Residential schools settlement agreement needs review, says Dene National Chief

​Dene National Chief Bill Erasmus says that there are "mistakes" in the Indian Residential Schools Settlement Agreement, and is calling for it to be reviewed.

Lawyer agrees agreement can be exclusionary, but says renegotiation isn't the solution

Dene National Chief Bill Erasmus is calling for the Residential Schools Settlement Agreement to be re-examined, saying it is exclusionary and filled with mistakes. (Pat Kane/CBC)

​Dene National Chief Bill Erasmus says that there are "mistakes" in the Indian Residential Schools Settlement Agreement, and is calling for it to be reviewed.

The agreement, which was reached in 2006 between the Government of Canada, churches and Indigenous Canadians who went through the residential school system, established a $2 billion common experience payment fund for former students — the largest class action settlement in Canadian history — along with an independent assessment process for further compensation for former students, a healing fund, a truth and reconciliation fund and a commemoration fund. So far more than $3 billion has been paid out through the agreement.

However, Erasmus says it's strayed from its ultimate goal of reconciliation.

"When the agreement was put together, there really was no blueprint. There were mistakes," Erasmus says.

The agreement lays out how former residential school students should be compensated, and included a common experience payment to anyone who went to residential school and a separate Independent Assessment Process for those who suffered physical and sexual trauma.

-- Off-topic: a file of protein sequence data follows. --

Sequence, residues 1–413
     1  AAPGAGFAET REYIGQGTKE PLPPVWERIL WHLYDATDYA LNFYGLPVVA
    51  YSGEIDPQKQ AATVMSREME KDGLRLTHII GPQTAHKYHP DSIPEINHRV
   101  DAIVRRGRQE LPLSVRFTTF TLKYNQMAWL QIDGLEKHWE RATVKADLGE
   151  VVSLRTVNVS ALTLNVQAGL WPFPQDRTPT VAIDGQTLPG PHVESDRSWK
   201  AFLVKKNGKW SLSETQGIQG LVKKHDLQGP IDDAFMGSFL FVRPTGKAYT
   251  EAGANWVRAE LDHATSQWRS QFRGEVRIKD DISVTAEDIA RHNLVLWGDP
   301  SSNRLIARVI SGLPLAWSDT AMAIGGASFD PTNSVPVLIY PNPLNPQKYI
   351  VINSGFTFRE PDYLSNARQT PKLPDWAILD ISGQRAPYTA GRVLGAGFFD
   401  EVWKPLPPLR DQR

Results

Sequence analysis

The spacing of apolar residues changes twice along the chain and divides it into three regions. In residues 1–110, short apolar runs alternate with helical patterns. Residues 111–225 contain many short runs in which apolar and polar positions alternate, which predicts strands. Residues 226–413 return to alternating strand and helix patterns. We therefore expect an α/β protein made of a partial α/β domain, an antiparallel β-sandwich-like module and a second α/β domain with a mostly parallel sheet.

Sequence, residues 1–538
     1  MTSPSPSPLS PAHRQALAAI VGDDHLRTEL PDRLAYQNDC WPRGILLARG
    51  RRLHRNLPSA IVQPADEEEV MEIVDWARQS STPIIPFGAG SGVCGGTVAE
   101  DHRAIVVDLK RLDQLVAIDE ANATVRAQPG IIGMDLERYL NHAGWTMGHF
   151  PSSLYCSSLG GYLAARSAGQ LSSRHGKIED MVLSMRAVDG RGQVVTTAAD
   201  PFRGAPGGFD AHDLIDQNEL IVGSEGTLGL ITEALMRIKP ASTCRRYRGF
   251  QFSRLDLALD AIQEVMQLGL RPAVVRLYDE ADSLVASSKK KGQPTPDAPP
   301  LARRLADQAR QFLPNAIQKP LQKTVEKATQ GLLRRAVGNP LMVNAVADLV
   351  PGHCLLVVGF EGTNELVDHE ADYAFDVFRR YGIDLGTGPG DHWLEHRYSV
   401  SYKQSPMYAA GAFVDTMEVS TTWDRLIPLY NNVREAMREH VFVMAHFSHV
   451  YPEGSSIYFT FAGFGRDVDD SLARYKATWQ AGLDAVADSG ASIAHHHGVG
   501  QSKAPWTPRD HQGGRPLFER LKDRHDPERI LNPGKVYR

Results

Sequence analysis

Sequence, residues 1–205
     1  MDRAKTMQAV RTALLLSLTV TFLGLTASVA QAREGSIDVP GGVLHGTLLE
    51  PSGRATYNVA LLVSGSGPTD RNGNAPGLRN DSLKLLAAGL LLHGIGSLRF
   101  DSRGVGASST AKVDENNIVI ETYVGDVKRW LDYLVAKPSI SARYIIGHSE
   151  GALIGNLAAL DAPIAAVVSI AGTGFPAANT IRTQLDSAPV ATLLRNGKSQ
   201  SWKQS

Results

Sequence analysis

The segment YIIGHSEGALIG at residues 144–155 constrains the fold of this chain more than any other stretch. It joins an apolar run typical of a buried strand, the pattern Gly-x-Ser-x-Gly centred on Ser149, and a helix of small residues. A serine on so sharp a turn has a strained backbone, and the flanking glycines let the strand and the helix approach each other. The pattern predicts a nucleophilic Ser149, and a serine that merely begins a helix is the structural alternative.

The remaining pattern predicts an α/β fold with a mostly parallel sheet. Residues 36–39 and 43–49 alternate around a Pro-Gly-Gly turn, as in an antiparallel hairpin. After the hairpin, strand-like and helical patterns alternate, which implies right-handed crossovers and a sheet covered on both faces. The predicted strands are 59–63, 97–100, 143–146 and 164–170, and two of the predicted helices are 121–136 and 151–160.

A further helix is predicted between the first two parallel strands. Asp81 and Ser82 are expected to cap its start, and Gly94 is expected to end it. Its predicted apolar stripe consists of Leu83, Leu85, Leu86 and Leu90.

But Erasmus says too many former students have been left out or had their claims denied. For example, Erasmus says, the residential school run in Behchoko, N.W.T., wasn't included in the agreement because it was later taken over by the territorial government.

"The parties should be able to sit down now and go over it and say: 'nine, 10 years later these are the areas we still need to address' and to figure out a way to deal with it," Erasmus says.

In March, it was revealed the federal government withheld thousands of documents that could have corroborated former students' reports of physical and sexual abuse at St. Anne's residential school in northern Ontario.

Last month, a court ruling let Catholic groups off the hook from fundraising tens of millions of dollars for healing programs for former students of residential schools.

Renegotiating not the answer, says lawyer

Lawyer Steven Cooper helped negotiate the Indian Residential School Settlement Agreement, and agrees it has its problems.

"The agreement was intended to be inclusive and unfortunately as it evolved, it became more and more exclusive, where technical terms were being carefully interpreted as if we were in front of a court of law, as opposed to adjudication," says Cooper.

"That is a problem."

Cooper recalled one case where a student was raped just metres from a residential school, but received no compensation through the Independent Assessment Process, because the abuse did not happen on school property.

However Cooper says redoing the agreement isn't the solution.

"We have a significant number of people who are outliers who are not well served by this agreement. But the reality of it is that most people got a fair settlement in a very sensitive and well-run process," Cooper says.

"Basing a review of an agreement based on the few flaws in it is really not fair to the agreement or people who drafted it."

Cooper says that those who feel they weren't properly compensated should use civil litigation against government and churches.

On Tuesday, the Government of Newfoundland settled a civil lawsuit with former residential school students in that province who'd been left out of the original agreement.